Salting roads is a very common way to get rid of ice. It’s a great safety measure to take — but it may actually be affecting our drinking water. A new study reported that freshwater salinity and alkalization have increased significantly in the U.S.
Researchers have studied 5 decades of stream water data and have found that salt levels have increased by 37% and alkalization increased by 90% in major waterways like the Hudson, Mississippi, and Potomac rivers. While this can be bad for wildlife, researchers also fear it affects people who drink it as well.
High salt-concentrated water can corrode pipes, and cause lead to enter the water supply. Researchers say, in order to lessen environmental damage, sewage drainage systems need to be better designed or cities need to install a system of sensors on roads and pavements so salting can be better targeted.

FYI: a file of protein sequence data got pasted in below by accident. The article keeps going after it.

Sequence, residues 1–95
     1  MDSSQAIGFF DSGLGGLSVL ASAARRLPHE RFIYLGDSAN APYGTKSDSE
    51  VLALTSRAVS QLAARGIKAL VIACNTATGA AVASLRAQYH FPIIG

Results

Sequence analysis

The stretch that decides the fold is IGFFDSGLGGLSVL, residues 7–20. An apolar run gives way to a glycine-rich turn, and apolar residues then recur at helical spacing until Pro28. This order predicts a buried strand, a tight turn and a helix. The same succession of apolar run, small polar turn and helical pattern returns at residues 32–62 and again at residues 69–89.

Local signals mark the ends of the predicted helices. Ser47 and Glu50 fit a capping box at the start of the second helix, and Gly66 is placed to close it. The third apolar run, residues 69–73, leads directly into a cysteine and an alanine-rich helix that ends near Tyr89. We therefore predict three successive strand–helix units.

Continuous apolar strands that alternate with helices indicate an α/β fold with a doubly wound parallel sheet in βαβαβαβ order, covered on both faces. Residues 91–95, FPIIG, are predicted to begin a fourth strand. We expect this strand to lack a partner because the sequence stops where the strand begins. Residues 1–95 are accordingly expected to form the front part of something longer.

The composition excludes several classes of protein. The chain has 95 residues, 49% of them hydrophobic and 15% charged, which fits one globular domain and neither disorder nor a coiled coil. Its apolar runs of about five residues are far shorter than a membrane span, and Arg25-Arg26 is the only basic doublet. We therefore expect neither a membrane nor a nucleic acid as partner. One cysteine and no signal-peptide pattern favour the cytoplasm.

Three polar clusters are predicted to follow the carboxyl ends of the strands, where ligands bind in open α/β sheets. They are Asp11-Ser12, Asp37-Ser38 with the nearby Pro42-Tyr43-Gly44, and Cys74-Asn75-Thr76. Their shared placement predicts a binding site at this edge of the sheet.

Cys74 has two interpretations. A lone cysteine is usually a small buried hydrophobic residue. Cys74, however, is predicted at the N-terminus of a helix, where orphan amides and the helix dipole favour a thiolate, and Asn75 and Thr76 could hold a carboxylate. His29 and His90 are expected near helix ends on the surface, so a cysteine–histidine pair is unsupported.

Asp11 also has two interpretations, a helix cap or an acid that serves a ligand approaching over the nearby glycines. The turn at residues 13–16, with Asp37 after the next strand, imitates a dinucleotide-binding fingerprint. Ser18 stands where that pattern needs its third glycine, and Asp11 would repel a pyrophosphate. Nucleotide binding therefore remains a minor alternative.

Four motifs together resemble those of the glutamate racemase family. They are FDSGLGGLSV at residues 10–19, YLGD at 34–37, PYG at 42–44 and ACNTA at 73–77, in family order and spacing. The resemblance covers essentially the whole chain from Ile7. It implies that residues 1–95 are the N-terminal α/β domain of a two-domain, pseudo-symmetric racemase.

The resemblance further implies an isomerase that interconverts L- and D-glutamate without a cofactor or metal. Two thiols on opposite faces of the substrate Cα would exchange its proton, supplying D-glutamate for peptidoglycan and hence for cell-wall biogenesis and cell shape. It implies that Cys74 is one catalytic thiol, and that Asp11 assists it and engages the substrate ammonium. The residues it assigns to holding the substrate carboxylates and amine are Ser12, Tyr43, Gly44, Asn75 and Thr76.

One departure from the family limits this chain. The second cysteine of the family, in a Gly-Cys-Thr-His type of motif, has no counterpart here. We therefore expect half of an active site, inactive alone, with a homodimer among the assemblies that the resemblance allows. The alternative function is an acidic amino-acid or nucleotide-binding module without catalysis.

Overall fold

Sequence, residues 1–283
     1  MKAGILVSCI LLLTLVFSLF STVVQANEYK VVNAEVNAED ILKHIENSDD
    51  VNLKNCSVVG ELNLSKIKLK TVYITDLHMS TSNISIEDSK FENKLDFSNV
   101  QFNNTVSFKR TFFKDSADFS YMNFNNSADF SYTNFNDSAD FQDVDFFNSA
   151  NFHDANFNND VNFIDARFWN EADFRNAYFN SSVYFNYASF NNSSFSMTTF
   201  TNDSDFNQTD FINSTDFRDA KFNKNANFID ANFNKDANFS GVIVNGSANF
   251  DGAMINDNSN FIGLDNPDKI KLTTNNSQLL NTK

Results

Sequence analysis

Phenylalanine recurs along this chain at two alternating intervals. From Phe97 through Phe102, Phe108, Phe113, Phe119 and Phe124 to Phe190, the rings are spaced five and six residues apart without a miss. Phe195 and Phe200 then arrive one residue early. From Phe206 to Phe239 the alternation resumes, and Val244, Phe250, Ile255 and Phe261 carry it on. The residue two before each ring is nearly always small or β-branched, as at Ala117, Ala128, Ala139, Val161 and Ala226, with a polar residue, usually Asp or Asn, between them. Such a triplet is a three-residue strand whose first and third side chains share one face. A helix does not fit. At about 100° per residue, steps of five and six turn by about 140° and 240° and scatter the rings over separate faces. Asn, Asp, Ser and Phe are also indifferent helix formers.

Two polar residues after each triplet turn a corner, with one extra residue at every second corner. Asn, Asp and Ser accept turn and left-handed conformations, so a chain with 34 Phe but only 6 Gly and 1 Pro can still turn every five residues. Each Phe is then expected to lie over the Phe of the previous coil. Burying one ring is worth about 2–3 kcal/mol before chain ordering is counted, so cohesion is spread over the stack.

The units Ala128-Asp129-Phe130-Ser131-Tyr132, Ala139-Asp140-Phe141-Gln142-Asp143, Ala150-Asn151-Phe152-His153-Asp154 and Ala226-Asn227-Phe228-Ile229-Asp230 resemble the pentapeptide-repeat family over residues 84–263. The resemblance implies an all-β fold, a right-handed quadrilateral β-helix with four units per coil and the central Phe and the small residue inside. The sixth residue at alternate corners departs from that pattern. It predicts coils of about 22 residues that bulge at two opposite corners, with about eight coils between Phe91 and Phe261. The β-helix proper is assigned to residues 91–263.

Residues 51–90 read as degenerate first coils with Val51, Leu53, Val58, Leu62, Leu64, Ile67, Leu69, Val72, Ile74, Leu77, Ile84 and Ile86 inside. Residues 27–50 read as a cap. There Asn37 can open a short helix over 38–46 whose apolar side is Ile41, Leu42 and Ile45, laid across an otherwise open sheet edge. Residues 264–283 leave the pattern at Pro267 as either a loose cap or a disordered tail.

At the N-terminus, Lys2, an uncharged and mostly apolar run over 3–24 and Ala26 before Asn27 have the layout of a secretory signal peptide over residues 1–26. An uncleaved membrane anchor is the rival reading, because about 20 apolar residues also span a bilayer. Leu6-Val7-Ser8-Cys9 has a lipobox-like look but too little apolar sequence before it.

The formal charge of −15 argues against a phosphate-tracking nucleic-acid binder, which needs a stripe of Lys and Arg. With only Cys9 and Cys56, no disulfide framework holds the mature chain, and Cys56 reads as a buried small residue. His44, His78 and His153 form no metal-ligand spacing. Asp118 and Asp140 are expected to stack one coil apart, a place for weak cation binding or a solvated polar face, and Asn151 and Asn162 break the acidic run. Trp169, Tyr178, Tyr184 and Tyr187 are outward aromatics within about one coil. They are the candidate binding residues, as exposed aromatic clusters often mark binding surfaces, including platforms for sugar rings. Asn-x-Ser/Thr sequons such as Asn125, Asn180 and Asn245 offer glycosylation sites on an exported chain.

Salt is typically used on roads to lower the melting point of ice, so it works great on those snowy days. But after the snow melts, it accumulates in the soil, ground water and drainage system, taking decades to get flushed out. Even the smallest, insignificant-seeming systems can end up affecting the environment in a big way.